To prevent his return, Yuan Shao had sent Han Jun to block the west road. However, Cao Ren caught Han Jun at Mt. Jiluo (雞洛山) and badly defeated him.[n 1] The defeat of Han Jun made Yuan Shao indecisive and from that point on he dared not separate his forces. Cao Ren then accompanied Shi Huan and they captured Yuan Shao's baggage train and burnt his food supplies.

At the start of 206 A.D. after the region north of the Yellow river was settled, Cao Ren followed Cao Cao in the siege of the city in Hu Pass (壺關城). Cao Cao had given orders that once the city was taken, that all the defenders were to be buried alive, but for three months the city did not fall.[4] Cao Ren remonstrated with Cao Cao, saying: "Besiegers must show to the gate keepers that there is hope of survival. When you announced that they would all be killed, it forced the defenders to defend to the last. Should the city be well-fortified and have a good supply of grain, then attacking will cost many soldiers and waiting for surrender will take a long time. To attack a fortified city against soldiers who expect to die is not an auspicious plan." Cao Cao understood and rescinded his orders, soon the city surrendered. Cao Ren was made a Marquis of a Chief Village.

In 208 A.D., Cao Cao headed south to annex Jing province. Cao Ren was promoted to General Who Subdues the South and stationed at Jiangling (江陵). Cao Cao's forces were defeated at Chibi and the forces of Wu used the momentum of their victory to lay siege to Nan commandery. Zhou Yu led a force of several tens of thousands against Cao Ren who made use of the river to block their advance. Meanwhile, Gan Ning was sent along an indirect route to seize Yiling (夷陵) and put pressure on Cao Ren's rear.[5] Gan Ning only had about 1,000 men under his command, so Cao Ren sent 5-6,000 troops to surround Yiling. Gan Ning's forces were in trouble but the timely arrival of Zhou Yu and the main force saved him.[6] The Wu forces managed to advance across the river and set up camp opposite Jiangling.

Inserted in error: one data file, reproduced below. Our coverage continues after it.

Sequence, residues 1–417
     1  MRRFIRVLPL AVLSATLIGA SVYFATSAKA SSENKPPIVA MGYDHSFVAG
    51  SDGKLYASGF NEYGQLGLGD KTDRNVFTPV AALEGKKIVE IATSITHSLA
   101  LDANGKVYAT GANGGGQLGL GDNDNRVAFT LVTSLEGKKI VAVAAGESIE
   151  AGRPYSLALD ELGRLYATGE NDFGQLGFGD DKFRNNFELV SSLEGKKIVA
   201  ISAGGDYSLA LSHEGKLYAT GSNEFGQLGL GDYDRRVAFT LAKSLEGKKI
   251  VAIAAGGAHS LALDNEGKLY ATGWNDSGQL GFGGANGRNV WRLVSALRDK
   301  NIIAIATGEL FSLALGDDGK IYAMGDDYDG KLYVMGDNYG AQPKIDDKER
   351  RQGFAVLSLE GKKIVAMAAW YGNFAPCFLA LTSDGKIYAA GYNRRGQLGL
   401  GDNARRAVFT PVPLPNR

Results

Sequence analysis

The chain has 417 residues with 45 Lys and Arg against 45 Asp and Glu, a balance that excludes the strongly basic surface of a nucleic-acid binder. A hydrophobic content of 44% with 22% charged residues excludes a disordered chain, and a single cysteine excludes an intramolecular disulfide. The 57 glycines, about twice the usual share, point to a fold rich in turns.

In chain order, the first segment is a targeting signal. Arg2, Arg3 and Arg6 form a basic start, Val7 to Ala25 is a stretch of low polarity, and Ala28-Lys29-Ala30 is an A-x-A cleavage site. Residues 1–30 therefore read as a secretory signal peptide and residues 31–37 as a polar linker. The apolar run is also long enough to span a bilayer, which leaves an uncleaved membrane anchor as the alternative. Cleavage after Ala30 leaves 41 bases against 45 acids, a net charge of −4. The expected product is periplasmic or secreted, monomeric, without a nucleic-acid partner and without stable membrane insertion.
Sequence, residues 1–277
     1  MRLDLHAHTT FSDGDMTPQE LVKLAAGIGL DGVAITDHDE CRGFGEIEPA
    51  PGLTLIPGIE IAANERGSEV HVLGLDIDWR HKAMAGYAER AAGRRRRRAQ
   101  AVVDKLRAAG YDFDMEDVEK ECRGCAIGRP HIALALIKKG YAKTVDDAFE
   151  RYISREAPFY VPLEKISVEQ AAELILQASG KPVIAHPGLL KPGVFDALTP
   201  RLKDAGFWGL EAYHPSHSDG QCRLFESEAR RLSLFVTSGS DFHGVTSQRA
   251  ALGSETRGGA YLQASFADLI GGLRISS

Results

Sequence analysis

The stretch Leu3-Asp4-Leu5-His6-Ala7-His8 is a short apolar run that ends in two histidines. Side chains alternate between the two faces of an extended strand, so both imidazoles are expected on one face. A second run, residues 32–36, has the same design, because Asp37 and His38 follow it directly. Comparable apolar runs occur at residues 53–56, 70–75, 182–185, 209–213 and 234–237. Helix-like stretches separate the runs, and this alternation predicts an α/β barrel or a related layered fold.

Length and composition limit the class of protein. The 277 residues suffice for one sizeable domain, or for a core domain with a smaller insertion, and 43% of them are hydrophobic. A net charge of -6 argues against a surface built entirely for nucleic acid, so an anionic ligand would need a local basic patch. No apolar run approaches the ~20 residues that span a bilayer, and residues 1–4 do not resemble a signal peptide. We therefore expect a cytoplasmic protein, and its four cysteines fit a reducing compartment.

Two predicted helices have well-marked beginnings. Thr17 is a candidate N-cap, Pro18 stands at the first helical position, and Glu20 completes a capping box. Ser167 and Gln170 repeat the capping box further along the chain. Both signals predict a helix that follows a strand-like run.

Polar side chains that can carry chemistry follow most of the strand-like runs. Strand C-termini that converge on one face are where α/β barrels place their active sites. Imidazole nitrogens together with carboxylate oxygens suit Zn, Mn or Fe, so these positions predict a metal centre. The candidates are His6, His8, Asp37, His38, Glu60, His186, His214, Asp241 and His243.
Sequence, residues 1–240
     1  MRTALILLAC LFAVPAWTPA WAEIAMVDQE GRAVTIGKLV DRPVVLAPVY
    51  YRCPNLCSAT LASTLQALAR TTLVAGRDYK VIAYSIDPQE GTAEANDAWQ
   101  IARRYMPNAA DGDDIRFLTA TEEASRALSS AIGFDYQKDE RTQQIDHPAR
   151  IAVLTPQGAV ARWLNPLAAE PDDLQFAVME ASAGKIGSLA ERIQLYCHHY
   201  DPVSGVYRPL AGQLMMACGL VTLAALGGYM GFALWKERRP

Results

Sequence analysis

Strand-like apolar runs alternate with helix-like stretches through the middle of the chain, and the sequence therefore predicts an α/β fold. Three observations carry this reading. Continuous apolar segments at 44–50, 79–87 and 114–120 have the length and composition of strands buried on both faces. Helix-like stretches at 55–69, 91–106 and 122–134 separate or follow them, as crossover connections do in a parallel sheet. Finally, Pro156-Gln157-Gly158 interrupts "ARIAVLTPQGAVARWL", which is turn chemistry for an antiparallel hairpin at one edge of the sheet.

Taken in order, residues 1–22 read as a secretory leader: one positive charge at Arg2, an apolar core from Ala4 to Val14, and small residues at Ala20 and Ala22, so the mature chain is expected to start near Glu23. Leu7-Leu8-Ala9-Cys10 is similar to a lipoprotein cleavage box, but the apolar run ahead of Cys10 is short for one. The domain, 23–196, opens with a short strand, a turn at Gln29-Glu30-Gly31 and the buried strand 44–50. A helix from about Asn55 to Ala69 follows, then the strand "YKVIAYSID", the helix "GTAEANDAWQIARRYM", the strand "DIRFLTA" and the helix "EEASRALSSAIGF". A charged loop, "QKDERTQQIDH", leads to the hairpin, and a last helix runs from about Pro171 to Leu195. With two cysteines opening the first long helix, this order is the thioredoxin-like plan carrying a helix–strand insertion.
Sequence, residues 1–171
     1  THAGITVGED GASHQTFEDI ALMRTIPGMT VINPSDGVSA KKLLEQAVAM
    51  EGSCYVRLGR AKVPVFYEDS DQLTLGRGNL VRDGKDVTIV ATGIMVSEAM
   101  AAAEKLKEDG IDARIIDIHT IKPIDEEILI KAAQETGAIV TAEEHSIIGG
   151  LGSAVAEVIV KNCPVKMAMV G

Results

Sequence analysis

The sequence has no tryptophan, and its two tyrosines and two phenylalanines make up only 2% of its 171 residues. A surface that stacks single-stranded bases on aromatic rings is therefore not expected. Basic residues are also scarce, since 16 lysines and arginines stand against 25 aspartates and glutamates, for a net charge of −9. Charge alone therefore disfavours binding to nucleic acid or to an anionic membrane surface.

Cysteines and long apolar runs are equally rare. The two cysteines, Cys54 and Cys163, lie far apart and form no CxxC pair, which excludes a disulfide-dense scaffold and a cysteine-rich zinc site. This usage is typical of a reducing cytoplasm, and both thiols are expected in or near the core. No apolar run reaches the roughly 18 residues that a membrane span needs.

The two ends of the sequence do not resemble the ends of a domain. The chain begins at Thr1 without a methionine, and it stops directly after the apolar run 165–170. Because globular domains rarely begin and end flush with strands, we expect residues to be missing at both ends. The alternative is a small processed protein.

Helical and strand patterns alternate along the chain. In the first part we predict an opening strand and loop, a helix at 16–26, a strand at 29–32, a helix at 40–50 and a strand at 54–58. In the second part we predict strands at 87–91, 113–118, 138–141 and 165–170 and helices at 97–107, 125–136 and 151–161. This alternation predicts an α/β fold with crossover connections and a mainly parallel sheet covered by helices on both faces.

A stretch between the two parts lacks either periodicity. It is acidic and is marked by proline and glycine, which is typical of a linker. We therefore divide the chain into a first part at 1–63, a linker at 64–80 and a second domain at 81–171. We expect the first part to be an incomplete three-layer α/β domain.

Zhou Yu sent a vanguard force of several thousand towards the city. Cao Ren was watching from the city walls and sent Niu Jin at the command of 300 men to meet their challenge. Heavily outnumbered, Niu Jin's forces were quickly surrounded. Chief Clerk Chen Jiao and others were watching from the walls and turned pale seeing the desperate situation Niu Jin was in. Cao Ren, feeling responsible for the treacherous situation, yelled at his attendant to fetch his horse. Chen Jiao and others however objected to Cao Ren heading out, they said: "The rebel forces are too numerous we cannot win. Abandoning several hundred people is not great loss, yet you would risk your own body to aid them." Cao Ren said nothing, instead he donned his armour and mounted his horse. Cao Ren handpicked several dozen elite warriors and led the charge out of the city.

Cao Ren's cavalry were only 100 m from the encirclement they reached a moat[n 2]. Chen Jiao thought that having reached the moat Cao Ren would halt there, but he urged his mount forward and jumped the moat, straight into the enemy encirclement. Cao Ren's cavalry made several passes through the mob, freeing some of the trapped soldiers each time. Although some of his forces were killed, Niu Jin was rescued and the Wu vanguard retreated. When Cao Ren had headed out, Chen Jiao was afraid he would not return. But seeing him come back, Chen Jiao sighed and said: "General Cao is truly godlike!"